# Quantifying how "concentrated" a distribution is

Consider $$n\in\mathbb{N}$$ buckets with infinite capacity and let $$x\in[0,1]^n$$ with $$\sum_{i=1}^n x_i=1$$ be a way to distribute 1 litre of liquid across all $$n$$ buckets, i.e. $$x_i$$ is the amount of litres in the $$i$$-th bucket. Denote $$S:= \{x\in[0,1]^n\vert \sum_{i=1}^n x_i = 1\}$$. I would like to quantifiy arithmetically "how much the liquid is concentrated" by using some arithmetic function $$f:S \to [0,1]$$. Here are the two main requirements:

1. $$f(x)=0\$$ if and only if $$\ x_i=\frac{1}{n}\$$ for all $$\ 1\leq i\leq n$$.
2. $$f(x)=1\$$ if and only if $$\ x_i=1\$$ for some $$\ 1\leq i\leq n$$.

I am aware of how open this question is, but I am looking specifically for an "arithmetically pretty" solution.

My idea was considering the sum of squares $$g(x)=\sum_{i=1}^n x_i^2 \in [\frac{1}{n}, 1]$$ and scaling it appropriately by choosing: $$f(x)=\frac{g(x)-\frac{1}{n}}{1 - \frac{1}{n}}=\frac{n\cdot g(x)-1}{n - 1}\in[0,1]$$ I am not a huge fan of how the end result looks.

• This reminds me of the different ways to measure sparsity. This paper lists a number of them.
– p.s.
Commented Jun 22 at 0:47

These conditions are satisfied by a suitably rescaled version of the entropy

$$H(x) = \sum_i - x_i \log x_i.$$

Loosely speaking the entropy is a measure of how "random" or "uncertain" (or "dispersed," the opposite of concentrated) the $$x_i$$ are when interpreted as a probability distribution. The entropy is famously maximized at the uniform distribution $$x_i = \frac{1}{n}$$, where it takes the value $$\log n$$, and minimized at the point distributions $$x_i = 1$$, where it takes the value $$0$$. This means we can take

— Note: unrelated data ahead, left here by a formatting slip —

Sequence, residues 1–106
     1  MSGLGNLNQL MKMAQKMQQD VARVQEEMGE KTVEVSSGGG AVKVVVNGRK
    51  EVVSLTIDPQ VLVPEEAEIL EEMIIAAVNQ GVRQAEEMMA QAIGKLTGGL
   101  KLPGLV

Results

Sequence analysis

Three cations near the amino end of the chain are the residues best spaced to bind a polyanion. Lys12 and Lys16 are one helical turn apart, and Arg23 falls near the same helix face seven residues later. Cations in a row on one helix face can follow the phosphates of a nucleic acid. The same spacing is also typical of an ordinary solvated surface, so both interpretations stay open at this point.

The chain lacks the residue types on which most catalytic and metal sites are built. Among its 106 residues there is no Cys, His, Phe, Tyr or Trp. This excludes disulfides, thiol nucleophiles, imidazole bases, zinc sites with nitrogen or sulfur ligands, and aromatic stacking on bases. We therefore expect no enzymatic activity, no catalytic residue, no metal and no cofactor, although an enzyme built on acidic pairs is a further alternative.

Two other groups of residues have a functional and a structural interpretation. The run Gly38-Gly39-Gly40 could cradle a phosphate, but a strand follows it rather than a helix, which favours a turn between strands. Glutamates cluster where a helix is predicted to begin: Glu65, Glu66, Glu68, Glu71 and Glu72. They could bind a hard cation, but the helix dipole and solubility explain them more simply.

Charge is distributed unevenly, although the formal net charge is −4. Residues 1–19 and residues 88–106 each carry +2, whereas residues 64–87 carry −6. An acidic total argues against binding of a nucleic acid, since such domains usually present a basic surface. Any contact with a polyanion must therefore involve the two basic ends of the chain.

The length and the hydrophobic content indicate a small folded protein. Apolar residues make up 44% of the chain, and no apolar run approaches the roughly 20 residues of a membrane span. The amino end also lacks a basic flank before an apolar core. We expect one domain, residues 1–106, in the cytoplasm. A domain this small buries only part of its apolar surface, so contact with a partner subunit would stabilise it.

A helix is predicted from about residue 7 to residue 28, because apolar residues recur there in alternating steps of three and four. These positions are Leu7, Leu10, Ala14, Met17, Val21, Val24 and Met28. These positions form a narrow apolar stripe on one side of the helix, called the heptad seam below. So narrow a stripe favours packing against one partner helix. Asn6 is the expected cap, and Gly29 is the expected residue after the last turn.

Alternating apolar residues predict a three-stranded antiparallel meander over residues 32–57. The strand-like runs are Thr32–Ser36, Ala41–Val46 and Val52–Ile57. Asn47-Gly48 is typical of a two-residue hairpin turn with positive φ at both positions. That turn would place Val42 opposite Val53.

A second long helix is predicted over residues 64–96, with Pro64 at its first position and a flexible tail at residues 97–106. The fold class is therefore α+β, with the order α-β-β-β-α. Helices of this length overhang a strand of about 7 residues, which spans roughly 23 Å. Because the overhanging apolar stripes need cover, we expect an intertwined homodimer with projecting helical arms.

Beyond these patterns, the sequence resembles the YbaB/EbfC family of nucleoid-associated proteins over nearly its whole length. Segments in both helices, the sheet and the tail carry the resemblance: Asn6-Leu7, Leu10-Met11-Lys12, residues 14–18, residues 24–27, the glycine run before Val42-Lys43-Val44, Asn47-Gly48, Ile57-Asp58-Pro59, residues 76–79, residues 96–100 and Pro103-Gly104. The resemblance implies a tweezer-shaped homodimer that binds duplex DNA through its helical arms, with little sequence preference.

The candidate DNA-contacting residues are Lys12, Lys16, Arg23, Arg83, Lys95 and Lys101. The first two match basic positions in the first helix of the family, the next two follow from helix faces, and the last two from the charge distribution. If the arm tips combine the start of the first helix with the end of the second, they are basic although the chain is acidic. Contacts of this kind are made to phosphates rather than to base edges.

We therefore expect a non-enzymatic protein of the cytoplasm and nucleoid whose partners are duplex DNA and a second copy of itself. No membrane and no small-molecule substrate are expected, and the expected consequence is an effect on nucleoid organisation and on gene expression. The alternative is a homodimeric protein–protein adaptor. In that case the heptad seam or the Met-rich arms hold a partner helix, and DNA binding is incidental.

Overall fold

$$\boxed{ f(x) = 1 - \frac{H(x)}{\log n} }.$$

(This can be made to look a little nicer by absorbing the $$n$$ into the base of the logarithm; that is, we can use $$\sum x_i \log_n x_i$$. But I don't think this matters too much either way. Actually it is important and meaningful that the entropy takes the value $$\log n$$ for the uniform distribution and is not just rescaled to take the value $$1$$.)

The entropy has various pleasant properties which make precise some senses in which it is a "good measure of uncertainty," some of which uniquely characterize it, which you can check out on Wikipedia. There are also generalizations like the Rényi entropy. This is related to the study of diversity indices and you can see, for example, Leinster's Entropy and Diversity: An Axiomatic Approach for a discussion of this.

$$f(x) = \frac{n}{n-1}\sum_{i=1}^n \left(x_i - \frac{1}{n} \right)^2$$
The summation measures the deviance from a uniform allocation of $$x_i = \frac{1}{n}$$, and the factor $$\frac{n}{n-1}$$ scales the result so that the maximum value is 1.